This red disc not only represents our creature but above all the solar goddess of the Shinto Amaterasu, ancestor of the Japanese imperial lineage.
The symbol is ancient and its origin dates back to the 8th century, but it is no coincidence that this flag was first raised in 1868 when the nationalists restored power to Emperor Meiji - head of the Shinto religion - after centuries of shogun power.
At the time, it symbolized the monarchy, ancestral religion and Japanese identity. The return of the emperor even gave rise to the ban on the practice of religious syncretism, a mixture of Shintoism and Buddhism.
The other flag
The Flag of the Rising Sun or Kyokujitsu-ki, its Japanese name, has a similar red disc, but with 16 rays of the same colour coming out of it.
It is not official, but its use is widespread in the country. In fact, the two flags have been used simultaneously for centuries in conflicts.
During the 19th century, the flag of the Rising Sun became the symbol of the army. As such, it floated during the imperialist expansion of Japan, when it occupied Korea and part of China.
But during World War II, it became the flag of the navy, and its reputation changed after Japanese troops occupied much of Asia and committed atrocities against the local population.
Use of the Flag by the Japanese
The Japanese are still quite reluctant to use the national flag today. It is little put forward during sporting victories or national holidays. Moreover, there is no obligation to float it and its degradation is not a crime according to the law (whereas the degradation of foreign flags is one).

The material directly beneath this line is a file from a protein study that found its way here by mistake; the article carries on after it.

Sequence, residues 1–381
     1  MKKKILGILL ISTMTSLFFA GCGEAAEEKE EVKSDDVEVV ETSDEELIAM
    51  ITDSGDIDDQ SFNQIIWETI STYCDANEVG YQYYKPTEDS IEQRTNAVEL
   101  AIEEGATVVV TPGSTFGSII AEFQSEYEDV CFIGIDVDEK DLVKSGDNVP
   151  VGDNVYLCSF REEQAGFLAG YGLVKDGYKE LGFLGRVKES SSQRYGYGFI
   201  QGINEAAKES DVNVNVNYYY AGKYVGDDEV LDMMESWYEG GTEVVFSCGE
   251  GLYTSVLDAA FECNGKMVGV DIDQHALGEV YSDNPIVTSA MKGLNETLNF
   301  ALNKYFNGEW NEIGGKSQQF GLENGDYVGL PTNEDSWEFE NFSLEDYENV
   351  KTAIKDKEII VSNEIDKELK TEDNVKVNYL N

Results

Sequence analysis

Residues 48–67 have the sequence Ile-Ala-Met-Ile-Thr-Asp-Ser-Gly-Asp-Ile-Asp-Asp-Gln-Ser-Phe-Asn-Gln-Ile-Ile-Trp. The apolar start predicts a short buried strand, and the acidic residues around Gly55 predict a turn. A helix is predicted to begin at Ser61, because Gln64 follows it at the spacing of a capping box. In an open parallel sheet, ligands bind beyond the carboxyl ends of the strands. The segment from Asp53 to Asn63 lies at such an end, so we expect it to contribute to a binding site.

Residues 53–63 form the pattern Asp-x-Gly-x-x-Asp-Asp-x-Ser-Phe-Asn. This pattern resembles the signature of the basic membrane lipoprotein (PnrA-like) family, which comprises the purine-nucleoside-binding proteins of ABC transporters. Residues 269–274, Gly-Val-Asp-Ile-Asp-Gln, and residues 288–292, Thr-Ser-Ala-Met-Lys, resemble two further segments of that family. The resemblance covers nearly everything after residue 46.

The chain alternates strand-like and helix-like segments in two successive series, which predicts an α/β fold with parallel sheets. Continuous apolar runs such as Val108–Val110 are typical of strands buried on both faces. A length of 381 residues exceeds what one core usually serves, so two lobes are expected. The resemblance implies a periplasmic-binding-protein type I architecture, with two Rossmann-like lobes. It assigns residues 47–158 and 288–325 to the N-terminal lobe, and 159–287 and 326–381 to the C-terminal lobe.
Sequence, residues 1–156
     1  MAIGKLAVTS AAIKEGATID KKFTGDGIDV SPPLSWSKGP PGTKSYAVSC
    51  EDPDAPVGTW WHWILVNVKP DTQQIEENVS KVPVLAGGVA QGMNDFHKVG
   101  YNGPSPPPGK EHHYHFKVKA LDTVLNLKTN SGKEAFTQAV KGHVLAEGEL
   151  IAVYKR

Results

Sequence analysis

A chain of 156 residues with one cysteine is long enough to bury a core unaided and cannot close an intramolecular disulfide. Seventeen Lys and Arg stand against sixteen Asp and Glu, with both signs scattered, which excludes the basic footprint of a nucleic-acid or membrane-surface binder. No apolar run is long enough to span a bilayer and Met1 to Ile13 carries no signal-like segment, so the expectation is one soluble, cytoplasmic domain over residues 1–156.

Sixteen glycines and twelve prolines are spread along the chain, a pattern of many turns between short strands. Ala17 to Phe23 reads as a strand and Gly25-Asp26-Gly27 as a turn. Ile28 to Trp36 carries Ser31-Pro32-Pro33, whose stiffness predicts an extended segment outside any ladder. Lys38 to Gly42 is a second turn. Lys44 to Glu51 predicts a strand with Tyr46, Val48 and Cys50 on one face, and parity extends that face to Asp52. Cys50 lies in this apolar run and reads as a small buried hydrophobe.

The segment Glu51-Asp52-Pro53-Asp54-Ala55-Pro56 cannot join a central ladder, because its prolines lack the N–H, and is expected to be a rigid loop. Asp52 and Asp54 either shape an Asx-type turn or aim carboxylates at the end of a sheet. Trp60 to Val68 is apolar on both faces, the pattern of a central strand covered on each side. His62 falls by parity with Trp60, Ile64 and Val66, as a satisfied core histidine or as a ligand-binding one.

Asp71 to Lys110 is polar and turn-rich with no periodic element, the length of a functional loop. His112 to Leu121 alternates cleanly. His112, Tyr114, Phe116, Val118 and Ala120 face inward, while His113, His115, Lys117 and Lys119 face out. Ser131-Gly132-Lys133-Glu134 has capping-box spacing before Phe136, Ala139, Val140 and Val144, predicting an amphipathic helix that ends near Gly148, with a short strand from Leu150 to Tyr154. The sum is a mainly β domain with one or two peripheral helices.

There is a public debate on the use of the flag, especially in schools or on national holidays. For many, it remains the flag of the time of the Great Empire of Japan, while others see it as a more general symbol.
Lucky charm and encouragement
The Japanese flag can often be found associated with many other official flags, those of prefectures, municipalities or even schools, which float side by side.
More anecdotally, the flag is sometimes used as a good luck charm: it is offered to a person with messages of encouragement and good luck arranged like rays around the central disc. Students often purchase hachimaki headbands with the red disc on them to express their determination to pass exams.
The Flag of the Japanese Navy
Like many other countries, the Japanese flag has evolved. Initially, the flag had the solar disk in the centre surrounded by 16 rays and was used by the Imperial Japanese Army. In contrast, the Imperial Japanese Navy had the same flag, but the disc was located on the left. These two flags ceased to be used at the end of World War II. In 1954, the old Imperial Japanese Navy flag was readopted by the Japan Maritime Self-Defense Force and is still in use today. The Japanese Self-Defense Force and the Japanese Ground Self-Defense Force, on the other hand, adopted a flag with a gold border and a sun disk surrounded by eight rays.
By presenting a motif almost identical to that of the standard of the Imperial Japanese Army, Japan does not facilitate its diplomatic relations with its close neighbours. In the late 2000s, several Japanese supporters hoisted the Imperial Flag during an international football match. Since then, especially for the last twenty years, South Korea has fought fiercely against the use of Kyokujitsuki, the Japanese naval flag.